by Kevin Bliss
In September 2019, Michael Nerheim, State’s Attorney for Lake County, Illinois, dropped felony murder charges against four juveniles and one 18-year-old following pressure from activists.
The charges against the “Lake County Five” stemmed from a confrontation at 1:00 a.m. on August 23, 2019 between a 75-year-old white male and six black teens who, according to the police, were trying to steal his car. When one approached with something in his hand, the man pulled his licensed handgun and fatally shot 14-year-old Jaquan Swopes in the head.
The other five teens – all friends and relatives of one another and Swopes – were then charged with his death under the state’s felony murder law, which holds anyone committing a felony liable for any death that occurs during the commission of that felony, regardless of involvement in or even intent to commit the killing.
Originating in English jurisprudence, felony murder was abolished in the United Kingdom 60 years ago. Many other countries have since followed suit, eliminating a law that has been criticized as archaic, overreaching and especially pernicious for juveniles. Yet felony murder statutes persist in 44 U.S. states – it’s also known as the “law of parties” in Texas – and at the federal level. Illinois, along with 17 other states, has the most extreme version of the law, holding anyone liable for any death that results from a crime, even one that occurs after the fact.
“I don’t disagree with them being charged with something, because they did do illegal things, but felony murder, no,” said Cloe Pollion, Swopes’ aunt and the mother of one of the five teens who were charged.
Jobi Cates with Restore Justice, an advocacy group pushing to revise the law, said there was anger after the charges were announced because none of the five juveniles actually killed anyone or intended to do so. She added there was no evidence to show that the felony murder statute acts as a deterrent to crime; rather, it is simply a first response by legislators to societal problems, and intended to increase punishment.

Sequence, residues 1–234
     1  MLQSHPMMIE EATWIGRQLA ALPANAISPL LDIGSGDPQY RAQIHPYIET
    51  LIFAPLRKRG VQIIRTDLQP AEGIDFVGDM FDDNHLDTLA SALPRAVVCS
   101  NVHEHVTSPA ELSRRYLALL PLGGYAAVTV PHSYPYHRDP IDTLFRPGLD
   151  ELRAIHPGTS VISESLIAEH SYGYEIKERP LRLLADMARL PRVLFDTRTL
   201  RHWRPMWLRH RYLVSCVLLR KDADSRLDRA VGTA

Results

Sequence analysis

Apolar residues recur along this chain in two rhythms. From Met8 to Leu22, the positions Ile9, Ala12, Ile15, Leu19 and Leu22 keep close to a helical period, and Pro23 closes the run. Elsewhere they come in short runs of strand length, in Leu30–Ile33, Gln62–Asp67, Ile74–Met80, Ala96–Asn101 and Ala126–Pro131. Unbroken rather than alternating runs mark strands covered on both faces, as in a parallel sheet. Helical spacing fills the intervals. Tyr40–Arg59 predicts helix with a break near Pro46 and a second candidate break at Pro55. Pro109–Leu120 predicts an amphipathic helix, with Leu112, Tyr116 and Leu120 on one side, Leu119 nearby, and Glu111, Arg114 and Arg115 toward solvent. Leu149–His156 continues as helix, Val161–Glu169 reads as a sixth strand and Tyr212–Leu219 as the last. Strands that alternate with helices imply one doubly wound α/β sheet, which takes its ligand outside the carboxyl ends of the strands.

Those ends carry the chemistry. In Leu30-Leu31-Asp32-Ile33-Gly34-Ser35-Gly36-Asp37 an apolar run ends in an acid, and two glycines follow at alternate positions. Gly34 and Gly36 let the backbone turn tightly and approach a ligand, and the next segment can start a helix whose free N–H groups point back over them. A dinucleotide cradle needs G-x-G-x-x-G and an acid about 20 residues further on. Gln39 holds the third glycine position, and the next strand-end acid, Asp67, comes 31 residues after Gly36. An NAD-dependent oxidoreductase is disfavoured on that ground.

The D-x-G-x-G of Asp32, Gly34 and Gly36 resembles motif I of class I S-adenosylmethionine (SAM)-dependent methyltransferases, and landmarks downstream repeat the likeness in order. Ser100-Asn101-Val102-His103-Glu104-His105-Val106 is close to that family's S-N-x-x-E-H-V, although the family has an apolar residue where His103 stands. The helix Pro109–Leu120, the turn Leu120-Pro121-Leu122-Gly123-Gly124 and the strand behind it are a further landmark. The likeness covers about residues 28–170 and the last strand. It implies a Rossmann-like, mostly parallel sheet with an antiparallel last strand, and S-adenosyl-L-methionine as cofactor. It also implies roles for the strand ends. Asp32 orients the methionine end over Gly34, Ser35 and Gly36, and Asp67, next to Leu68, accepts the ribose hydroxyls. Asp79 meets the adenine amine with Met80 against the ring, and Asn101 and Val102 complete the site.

Her colleague, Marshan Allen, called the law an example of “what’s wrong with our criminal legal system ... that it’s not about justice, it seems that it’s more about punishment, about retribution, not trying to figure what harm was done and how the harm can be repaired.”
In its 2012 ruling in Miller v. Alabama, which outlawed mandatory life sentences for juveniles, the U.S. Supreme Court accepted evidence that juveniles’ brains are not fully developed, resulting in more impulsive behavior, less resistance to peer pressure and poor capacity to foresee outcomes of their actions.
Though the Supreme Court has not outlawed felony murder in juvenile cases, the ruling in Miller formed the basis of Allen’s successful appeal of his 1994 life sentence for felony murder when, as a 15-year-old, he stole a van that was used by his brother and some friends to commit a robbery in which two people were killed while Allen hid in the vehicle.
“My initial thoughts were that I could possibly beat the charges,” he recalled. “That they had made some horrible mistake by charging me with murder, ‘cause none of my charges – they had nothing to do with stealing a vehicle.”
Allen was finally released in December 2016 after serving over 20 years in prison.